Before I knew it, I was overtaken by someone who was disappointed that the technology and quality were “lower.” Will such a nightmare be repeated?
Recently, various media and experts have often advocated the threat theory that “the Japanese animation industry may lose overseas.”
As you know, anime is a Japanese specialty. Ghibli, One Piece, Attack on Titan, and recently, Kimetsu Kaisen and Jujutsu Kaisen are all popular anime works overseas. However, China and South Korea threaten to become the “world’s number one anime powerhouse.”
It is pointed out as the basis that Chinese and Korean creators who have studied animation production in Japan in recent years are making high-quality works after returning to Japan. In addition, even in Japan, the world-famous low-wage labor state, the harsh working environment at the animation production site is by far the best, and it is also significant that engineers who are disgusted with black labor have begun to “outflow overseas”. ..
Do you feel deja vu in such an episode? Yes, home appliances, semiconductors, etc., which were said to be “the best in Japan’s technology in the world,” were overtaken by Chinese and Korean manufacturers who were looking “below” themselves. It’s very similar to the pattern.
Of course, there is an opinion that such an indication is off the mark. What is essential in the anime business is not the “country” but the “brand.” Even if you look at the popular anime rankings overseas, Japanese manga original works are overwhelmingly popular.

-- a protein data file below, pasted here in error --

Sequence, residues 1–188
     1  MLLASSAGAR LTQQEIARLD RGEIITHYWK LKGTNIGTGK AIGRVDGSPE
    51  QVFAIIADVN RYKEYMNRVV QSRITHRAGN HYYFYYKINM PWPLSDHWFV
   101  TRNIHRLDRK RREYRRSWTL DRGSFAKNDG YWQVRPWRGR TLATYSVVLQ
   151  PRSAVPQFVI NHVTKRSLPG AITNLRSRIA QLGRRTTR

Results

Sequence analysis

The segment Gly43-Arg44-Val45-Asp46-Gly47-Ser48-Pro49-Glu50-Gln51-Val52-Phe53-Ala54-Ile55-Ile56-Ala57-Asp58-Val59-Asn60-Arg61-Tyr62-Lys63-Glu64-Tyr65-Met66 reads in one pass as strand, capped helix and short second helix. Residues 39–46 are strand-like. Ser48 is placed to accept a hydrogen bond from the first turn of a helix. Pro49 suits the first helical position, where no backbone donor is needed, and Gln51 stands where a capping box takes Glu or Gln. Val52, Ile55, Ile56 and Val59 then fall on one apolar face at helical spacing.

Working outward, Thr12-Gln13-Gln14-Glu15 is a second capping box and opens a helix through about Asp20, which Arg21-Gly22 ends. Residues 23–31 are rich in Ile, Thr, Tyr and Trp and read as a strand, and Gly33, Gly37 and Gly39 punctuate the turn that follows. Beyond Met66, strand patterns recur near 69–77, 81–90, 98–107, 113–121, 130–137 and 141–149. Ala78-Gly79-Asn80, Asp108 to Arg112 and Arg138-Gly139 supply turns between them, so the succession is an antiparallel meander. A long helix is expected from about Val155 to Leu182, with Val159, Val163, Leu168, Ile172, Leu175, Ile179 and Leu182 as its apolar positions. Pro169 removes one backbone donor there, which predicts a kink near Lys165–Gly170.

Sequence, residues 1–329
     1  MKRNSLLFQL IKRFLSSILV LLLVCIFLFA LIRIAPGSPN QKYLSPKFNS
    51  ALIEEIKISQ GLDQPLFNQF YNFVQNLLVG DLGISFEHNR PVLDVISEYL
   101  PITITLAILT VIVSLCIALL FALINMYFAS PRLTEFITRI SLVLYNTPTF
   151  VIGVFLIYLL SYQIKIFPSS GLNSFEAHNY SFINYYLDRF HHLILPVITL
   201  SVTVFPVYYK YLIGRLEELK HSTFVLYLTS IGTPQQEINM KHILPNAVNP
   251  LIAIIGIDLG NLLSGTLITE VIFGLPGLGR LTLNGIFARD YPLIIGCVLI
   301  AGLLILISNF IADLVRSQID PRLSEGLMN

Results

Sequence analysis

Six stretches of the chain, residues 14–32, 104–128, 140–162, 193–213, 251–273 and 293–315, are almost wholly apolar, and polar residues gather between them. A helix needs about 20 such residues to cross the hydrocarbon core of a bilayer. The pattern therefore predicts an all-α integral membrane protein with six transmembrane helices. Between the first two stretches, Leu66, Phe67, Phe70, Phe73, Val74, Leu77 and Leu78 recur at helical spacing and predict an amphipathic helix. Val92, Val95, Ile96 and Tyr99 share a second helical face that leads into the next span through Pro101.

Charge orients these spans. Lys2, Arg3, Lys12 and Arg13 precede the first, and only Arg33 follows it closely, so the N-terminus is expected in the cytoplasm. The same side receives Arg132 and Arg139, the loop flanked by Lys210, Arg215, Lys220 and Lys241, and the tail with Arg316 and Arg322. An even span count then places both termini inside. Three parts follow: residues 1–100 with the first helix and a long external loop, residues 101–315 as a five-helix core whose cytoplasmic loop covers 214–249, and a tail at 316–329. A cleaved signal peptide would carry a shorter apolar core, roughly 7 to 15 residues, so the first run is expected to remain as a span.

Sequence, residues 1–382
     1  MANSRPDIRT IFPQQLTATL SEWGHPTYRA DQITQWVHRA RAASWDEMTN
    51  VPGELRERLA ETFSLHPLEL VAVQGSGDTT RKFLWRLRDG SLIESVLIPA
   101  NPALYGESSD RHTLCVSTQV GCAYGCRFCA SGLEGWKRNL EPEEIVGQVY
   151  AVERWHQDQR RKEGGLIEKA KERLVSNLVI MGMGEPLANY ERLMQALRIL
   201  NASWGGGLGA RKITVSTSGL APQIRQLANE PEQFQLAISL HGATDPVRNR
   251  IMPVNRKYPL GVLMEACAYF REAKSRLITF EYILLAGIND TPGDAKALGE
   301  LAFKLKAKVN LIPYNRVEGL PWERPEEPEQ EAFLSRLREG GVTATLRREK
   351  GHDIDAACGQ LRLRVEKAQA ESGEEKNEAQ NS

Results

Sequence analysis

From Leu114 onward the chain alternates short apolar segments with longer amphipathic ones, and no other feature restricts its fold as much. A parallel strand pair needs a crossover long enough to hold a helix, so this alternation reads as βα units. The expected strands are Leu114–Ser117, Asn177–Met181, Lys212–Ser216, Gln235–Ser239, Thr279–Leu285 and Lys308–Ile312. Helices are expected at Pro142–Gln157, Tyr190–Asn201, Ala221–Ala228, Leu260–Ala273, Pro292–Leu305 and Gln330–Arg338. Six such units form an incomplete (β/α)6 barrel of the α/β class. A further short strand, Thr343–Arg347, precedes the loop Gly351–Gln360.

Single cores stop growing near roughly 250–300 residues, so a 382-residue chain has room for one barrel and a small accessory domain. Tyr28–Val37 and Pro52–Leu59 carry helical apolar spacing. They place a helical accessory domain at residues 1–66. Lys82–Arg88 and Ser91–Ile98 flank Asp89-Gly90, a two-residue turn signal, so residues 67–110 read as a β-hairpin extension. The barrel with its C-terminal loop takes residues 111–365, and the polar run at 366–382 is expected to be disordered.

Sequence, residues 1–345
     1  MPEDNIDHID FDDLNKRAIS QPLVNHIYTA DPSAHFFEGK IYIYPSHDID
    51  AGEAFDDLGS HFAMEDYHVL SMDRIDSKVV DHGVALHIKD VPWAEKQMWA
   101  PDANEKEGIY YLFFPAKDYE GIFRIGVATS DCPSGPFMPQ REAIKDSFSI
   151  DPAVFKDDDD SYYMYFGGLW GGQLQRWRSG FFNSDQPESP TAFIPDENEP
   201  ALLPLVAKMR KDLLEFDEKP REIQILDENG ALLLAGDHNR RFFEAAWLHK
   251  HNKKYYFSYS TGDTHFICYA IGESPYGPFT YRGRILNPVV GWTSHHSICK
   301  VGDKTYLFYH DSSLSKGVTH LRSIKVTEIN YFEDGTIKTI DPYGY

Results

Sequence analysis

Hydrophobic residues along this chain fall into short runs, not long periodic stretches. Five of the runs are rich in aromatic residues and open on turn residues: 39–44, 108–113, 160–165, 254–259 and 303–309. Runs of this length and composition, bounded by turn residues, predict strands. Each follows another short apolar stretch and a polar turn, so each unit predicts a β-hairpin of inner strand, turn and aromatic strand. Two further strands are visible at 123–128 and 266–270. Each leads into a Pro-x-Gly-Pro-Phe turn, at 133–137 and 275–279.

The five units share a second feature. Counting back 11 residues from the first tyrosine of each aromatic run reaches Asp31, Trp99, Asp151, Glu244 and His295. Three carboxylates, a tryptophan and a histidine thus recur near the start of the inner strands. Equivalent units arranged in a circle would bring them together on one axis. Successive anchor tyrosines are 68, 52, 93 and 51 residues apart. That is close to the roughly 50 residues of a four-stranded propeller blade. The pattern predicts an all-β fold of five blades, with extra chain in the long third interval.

China and South Korea are at the stage of imitating that, so even if sales and market size are overtaken, the competitiveness and value of Japanese animation will not be shaken. From the perspective of copyright business and content power, many experts say that Japan will not lose.
There is a part that I am convinced that “I see,” but personally, when such an opinion comes out, on the contrary, I feel a little dangerous.
Looking at the “losing industries” so far, they do not accept the fact that China and South Korea are growing on their shoulders, and “Japan will not lose” and “Japan’s superiority will not be shaken.” This is because there are overwhelmingly many patterns in which people continue to shout and decline.
In the early 2000s, when Chinese white goods manufacturers such as Haier began expanding overseas, many Japanese people laughed with a nose, “Isn’t there a lot of breakdowns anyway?” There was a widespread view among experts that “the status of Japanese home appliance makers is unwavering,” so they did not take any measures.
Even though the brands were still in China and South Korea, the core parts of those home appliances were often made by Japanese manufacturers. In short, I firmly grasped the essential technical part, so I was relieved that the competitiveness and value of “Made in Japan” would not decline.
However, this sweet idea was wrong. While experts argued loudly that “Japanese manufacturers are dangerous,” Chinese manufacturers have grown steadily and can now buy Japanese manufacturers.
In 2012, Panasonic sold Sanyo Electric’s washing machine/refrigerator business to Haier. In 2016, Toshiba sold its white goods business to Media (China), and Haier acquired General Electric’s (GE) home appliances business. In 2018, Toshiba sold its television and other video businesses to Heissen (China).